The Truth about FOX FRONT BRAKES!

Discussion in 'Fox 5.0 Mustang Tech' started by custom89stang, Feb 17, 2004.


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  1. latham83

    latham83 New Member

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    if i DO buy the 73mm's..do i need to look for rotors that fit those calipers or just get the 87-93 STOCK rotors as listed....
    also MM has this for hawk pads.....84-86 SVO (front calipers are 73mm) is that what i would buy then?
    but still look for MY year of rotors
  2. BlackFox5.0

    BlackFox5.0 Founding Member

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    They are the same size, only the piston is bigger. Brake noise is cause by high frequency vibrations. Use some brake quiet stuff on the outside of the pads. Some pads now come with a paper-like material on the outside of the pad, such as on newer mustangs....buy the new calipers, make it look like you own a Lincoln, then go back and return the cores after your done, they won't know the difference between the calipers, unless the measure the piston, or compare them, and why would they do that? Overe here they don't even open the box, they just take it and give you your money back, no questions asked....

    As for why pads wear faster on drilled/slotted rotors, the reason is most likely the pads getting shaved by the holes, something like how a cheese grater works....
  3. Xtreme Limits

    Xtreme Limits Founding Member

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    :bs: :bs: :bs: :bs: :bs: :bs: :bs: :bs: :bs: :bs: :bs: :bs: :bs:
    benefits to Crossdrilling, Slotting, and Zinc-Washing my rotors........ COOLING THATS IT!!!

    a non-sloted rotor will always girp better, but they cant stand up too stop after stop!

    So whats better is non-sloted, but if your road raceing , then sloted cus, non-sloted will fade!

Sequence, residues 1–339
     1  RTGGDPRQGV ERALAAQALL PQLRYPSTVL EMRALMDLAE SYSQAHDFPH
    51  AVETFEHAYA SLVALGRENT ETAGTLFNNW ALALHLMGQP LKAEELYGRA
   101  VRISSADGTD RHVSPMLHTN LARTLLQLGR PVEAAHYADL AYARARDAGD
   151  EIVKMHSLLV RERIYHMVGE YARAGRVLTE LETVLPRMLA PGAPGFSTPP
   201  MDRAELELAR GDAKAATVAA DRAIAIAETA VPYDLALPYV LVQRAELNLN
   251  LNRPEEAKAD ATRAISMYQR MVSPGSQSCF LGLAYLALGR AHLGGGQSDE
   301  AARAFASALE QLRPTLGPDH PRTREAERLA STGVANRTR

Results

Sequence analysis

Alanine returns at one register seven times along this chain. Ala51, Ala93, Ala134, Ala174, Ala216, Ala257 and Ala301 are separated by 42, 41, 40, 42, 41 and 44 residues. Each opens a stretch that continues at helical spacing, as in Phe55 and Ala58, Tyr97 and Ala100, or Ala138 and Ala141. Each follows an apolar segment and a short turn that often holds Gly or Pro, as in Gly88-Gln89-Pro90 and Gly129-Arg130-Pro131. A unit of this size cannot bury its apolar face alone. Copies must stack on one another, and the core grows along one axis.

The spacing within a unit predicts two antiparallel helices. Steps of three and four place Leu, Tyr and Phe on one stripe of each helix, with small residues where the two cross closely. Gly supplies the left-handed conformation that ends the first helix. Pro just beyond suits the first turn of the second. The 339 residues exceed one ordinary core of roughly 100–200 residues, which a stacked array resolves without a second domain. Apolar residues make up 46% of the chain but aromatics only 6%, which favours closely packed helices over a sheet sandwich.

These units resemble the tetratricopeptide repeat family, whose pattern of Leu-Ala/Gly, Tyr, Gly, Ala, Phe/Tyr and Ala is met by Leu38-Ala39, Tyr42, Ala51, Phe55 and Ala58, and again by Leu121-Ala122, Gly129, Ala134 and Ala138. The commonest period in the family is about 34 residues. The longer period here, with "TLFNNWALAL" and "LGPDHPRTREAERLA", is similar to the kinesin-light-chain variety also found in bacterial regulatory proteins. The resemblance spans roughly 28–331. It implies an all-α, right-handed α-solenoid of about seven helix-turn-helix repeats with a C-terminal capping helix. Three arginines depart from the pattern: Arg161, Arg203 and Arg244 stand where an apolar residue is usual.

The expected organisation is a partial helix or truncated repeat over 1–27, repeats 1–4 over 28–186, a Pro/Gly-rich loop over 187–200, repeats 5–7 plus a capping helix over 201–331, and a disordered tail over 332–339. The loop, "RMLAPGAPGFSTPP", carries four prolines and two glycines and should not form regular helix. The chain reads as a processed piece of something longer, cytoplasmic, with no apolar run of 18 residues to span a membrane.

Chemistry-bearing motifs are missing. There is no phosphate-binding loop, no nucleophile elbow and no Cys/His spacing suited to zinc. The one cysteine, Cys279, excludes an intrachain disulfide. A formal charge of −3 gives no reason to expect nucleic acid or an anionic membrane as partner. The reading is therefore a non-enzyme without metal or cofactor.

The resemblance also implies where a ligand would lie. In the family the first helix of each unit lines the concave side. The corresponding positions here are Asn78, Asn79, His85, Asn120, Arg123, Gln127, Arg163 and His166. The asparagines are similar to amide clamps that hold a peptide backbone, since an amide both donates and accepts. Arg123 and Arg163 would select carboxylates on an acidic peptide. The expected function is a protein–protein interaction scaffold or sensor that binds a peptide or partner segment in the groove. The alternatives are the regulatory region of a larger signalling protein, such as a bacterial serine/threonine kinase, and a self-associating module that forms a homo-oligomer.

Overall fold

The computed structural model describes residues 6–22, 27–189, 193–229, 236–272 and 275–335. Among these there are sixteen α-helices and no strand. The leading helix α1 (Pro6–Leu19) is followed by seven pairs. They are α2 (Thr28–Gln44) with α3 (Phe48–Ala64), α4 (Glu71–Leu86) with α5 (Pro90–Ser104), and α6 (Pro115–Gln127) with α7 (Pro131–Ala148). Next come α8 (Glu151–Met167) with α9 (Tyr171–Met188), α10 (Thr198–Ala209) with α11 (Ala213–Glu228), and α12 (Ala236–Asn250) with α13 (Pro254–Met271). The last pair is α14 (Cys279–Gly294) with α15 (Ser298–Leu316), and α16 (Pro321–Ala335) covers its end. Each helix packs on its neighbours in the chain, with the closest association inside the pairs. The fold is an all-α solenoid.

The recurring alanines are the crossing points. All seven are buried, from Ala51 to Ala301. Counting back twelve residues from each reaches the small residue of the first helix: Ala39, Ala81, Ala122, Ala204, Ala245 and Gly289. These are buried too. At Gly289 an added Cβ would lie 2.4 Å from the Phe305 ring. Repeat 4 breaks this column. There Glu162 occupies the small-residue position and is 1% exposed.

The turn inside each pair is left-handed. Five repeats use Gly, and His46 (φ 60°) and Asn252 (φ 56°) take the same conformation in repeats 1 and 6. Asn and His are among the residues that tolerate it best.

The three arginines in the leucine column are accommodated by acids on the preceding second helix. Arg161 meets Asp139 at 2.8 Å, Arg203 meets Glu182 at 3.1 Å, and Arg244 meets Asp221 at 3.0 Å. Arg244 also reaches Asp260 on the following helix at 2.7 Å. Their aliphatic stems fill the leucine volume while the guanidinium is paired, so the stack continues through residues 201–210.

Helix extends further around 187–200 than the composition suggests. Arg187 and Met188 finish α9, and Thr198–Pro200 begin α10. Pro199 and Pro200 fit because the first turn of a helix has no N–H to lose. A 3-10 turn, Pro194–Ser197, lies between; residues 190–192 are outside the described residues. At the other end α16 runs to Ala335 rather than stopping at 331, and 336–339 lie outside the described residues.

WHY DO YOU THINK YOUR FLYWHEELS FLAT A.K.A. NON-SLOTED!

    CUS IT HAS MORE SUFACE , GRIPS BETTER PLAIN IN SIMPLE!

    DONT START A FLAME THREAD CUS YOUR GOING TO GET BURNED!

    YOU HONDA LOVER :owned: !
  4. QCStang

    QCStang Founding Member

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    Would they work on an 84?
  5. 87gtconv

    87gtconv ragtopman Founding Member

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    Try Brembo not slotted non drilled they make a lot of OEM rotors and they are cheap! I got some for another car at Tire Rack! Also, the SS sleves fit on the Lincoln 73 MM calipers just like the stock ones! I know I put them on!
  6. custom89stang

    custom89stang New Member

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    wait wait wait, did you just say 60mm and 73mm are the same size? LMAO

    Okay nevermind you said pistons.

    But anyways, yeah it works like a cheese grader, so with the slotted rotor, it grabs better just like a cheese grater grabs the cheese. wow....talking about cheese in a mustang forum!
  7. BlackFox5.0

    BlackFox5.0 Founding Member

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    I am assuming you are asking about the 73mm calipers.
    To answer that question:
    No, you need 87-93 5.0 Spindles, rotors and calipers.
  8. Stang951

    Stang951 Founding Member

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    OK how do you figure that you don't have to change the master cylinder?
    I changed from 2.3L 10" brakes to the 11.5" brakes when I did the 351W swap. I got the master cylinder for the 4cyl. I am finding out that because of the smaller bore of the master cylinder I am not pushing as much fluid through the system and have to stand on the pedal to get it to stop. When you upgrade to the 73MM calipers there is even more of a difference between the calipers. BIGGER CALIPERS NEED MORE VOLUME TO MOVE THE PISTONS IN THEM. Why do you think that most upgrade kits come with new master cylinders.